Jewelry made with Tiffany stone is unlikely to be found in a mall jewelry store. Instead, it is most likely to be sold at a gem and mineral show, at a rock shop, or by a lapidarist at a craft show. You might also find it at an online craft marketplace such as Etsy. Some of these sellers are likely to be the same person who cut the stone and made the setting. You will rarely find that when buying diamonds, emeralds, rubies or sapphires!

About Using Tiffany Stone in Jewelry

Although Tiffany Stone can be very attractive, there is an important thing to consider when using in jewelry - it has a Mohs hardness of only 5 to 5 1/2. That makes it very easy to scratch. If Tiffany Stone is used in a ring, it will quickly show signs of wear and lose its nice polish and luster. For that reason, Tiffany Stone is best used in pendants, beads, earrings and other types of jewelry that will not be subjected to abrasion.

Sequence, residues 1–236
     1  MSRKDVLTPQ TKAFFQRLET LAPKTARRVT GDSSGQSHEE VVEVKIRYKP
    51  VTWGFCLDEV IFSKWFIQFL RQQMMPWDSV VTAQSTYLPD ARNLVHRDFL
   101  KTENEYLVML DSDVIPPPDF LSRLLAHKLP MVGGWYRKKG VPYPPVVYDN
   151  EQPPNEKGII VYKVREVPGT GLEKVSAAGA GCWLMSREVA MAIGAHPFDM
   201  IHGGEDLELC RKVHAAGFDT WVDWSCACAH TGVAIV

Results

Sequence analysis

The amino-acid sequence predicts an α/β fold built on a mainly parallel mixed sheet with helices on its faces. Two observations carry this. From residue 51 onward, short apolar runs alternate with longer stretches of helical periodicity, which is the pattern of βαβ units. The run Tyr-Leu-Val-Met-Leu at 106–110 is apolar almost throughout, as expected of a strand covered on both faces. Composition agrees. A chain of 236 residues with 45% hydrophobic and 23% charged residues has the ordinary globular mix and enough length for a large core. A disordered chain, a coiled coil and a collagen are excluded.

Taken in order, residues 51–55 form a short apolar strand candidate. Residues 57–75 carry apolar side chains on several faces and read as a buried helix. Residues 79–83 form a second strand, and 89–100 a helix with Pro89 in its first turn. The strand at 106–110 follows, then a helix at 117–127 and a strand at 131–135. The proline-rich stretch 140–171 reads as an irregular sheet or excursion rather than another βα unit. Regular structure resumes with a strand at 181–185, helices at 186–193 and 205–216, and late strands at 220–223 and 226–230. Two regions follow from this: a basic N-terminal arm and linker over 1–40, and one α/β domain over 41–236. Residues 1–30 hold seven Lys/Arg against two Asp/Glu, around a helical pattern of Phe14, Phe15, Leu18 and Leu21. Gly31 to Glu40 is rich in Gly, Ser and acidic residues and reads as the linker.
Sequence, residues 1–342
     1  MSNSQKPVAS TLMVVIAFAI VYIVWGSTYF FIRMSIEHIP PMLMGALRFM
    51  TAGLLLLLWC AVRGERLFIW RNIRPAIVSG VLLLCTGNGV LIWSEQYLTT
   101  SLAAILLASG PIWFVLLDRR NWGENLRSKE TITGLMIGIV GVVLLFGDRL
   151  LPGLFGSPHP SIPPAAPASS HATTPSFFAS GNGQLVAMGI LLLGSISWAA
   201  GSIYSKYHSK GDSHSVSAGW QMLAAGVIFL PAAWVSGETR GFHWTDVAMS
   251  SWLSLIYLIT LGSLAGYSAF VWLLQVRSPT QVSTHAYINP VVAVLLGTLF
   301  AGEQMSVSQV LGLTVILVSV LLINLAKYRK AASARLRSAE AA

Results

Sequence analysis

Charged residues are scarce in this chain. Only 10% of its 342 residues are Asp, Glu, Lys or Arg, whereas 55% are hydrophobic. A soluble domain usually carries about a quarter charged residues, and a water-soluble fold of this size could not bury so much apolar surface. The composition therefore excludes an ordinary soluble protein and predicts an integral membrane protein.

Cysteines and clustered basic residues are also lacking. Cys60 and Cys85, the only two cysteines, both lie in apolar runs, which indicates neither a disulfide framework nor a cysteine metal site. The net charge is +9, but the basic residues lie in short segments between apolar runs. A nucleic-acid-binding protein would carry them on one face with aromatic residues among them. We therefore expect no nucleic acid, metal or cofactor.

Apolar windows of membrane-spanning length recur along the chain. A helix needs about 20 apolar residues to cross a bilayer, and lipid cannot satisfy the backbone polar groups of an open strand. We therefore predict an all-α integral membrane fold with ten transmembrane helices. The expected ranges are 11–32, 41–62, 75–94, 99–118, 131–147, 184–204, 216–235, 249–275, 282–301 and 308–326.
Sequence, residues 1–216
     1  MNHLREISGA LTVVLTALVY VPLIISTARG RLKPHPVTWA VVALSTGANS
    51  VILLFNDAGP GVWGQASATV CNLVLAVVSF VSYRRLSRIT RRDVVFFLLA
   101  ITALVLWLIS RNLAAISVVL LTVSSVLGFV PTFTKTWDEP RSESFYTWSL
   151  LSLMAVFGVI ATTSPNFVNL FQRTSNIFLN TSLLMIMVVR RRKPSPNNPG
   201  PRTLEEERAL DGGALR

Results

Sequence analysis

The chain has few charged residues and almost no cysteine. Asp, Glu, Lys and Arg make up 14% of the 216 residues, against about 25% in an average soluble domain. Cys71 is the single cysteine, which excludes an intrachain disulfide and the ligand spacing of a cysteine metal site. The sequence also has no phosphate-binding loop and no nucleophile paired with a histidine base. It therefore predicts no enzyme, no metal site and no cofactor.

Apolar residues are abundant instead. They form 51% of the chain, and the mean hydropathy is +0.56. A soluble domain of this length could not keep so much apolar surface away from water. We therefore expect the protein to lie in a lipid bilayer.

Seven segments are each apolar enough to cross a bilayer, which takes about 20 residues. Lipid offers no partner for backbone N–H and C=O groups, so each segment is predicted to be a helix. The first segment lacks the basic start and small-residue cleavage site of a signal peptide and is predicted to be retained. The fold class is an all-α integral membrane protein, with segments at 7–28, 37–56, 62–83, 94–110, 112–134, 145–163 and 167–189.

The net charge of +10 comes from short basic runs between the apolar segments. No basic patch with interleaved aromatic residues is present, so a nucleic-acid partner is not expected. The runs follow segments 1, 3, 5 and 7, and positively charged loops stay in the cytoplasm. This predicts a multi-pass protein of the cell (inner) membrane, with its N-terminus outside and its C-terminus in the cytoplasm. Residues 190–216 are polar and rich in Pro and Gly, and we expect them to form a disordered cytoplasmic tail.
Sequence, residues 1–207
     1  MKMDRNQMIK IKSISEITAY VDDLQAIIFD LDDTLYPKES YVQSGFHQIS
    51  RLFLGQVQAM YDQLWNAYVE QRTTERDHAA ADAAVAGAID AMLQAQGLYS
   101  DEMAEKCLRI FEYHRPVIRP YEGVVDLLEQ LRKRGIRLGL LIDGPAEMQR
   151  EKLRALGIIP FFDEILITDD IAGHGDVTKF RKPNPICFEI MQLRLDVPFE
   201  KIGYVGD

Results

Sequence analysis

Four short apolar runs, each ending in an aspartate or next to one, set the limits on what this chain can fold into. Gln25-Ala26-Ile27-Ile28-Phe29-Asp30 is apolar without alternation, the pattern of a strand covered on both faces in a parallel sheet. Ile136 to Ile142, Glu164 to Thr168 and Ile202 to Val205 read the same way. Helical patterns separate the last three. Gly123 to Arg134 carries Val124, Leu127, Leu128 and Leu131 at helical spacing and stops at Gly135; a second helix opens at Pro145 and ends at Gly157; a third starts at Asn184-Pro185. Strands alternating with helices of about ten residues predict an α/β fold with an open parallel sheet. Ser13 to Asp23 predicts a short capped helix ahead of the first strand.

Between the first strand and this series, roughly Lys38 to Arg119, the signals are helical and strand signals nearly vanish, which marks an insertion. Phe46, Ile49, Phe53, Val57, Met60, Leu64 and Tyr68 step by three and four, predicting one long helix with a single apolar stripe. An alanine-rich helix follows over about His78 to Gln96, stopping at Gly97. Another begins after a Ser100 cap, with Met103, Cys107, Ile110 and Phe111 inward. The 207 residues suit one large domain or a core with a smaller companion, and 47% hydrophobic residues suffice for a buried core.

One thing about Tiffany Stone that will probably make you happy is its price. Even though it is very rare and quite beautiful, cabochons with beautiful color, pattern and size can usually be purchased for $75 or less. It also looks great in white metal. That allows it to be placed in a sterling silver setting, getting you the whole piece for a price of $150 or less.

A

Wednesday, August 1, 2018

The Wonder From Down Under - Boulder Opal




Boulder opal has a special place in my mind.  Most of the times I've seen precious opal in jewelry, it is absolutely beautiful and obviously exceedingly special. Yet, boulder opal, which is a type of precious opal, has a striking ying/yang quality of extraordinary beauty in a matrix that is as ordinary-looking as dirt.

 

When this piece was broken, it cleaved along a plane of opal leaving a lot of it exposed, but very difficult to use. The opal itself is exceedingly thin and the surface is uneven, so it can't be cabbed.  Boulder opal is mostly cabbed by cutting across the thin lines of opal to emphasize the difference between the opal and the matrix.

 

But, when it comes to capturing every bit of the incredible color, hope springs eternal! I found a bit a little over one inch long that had opal showing along the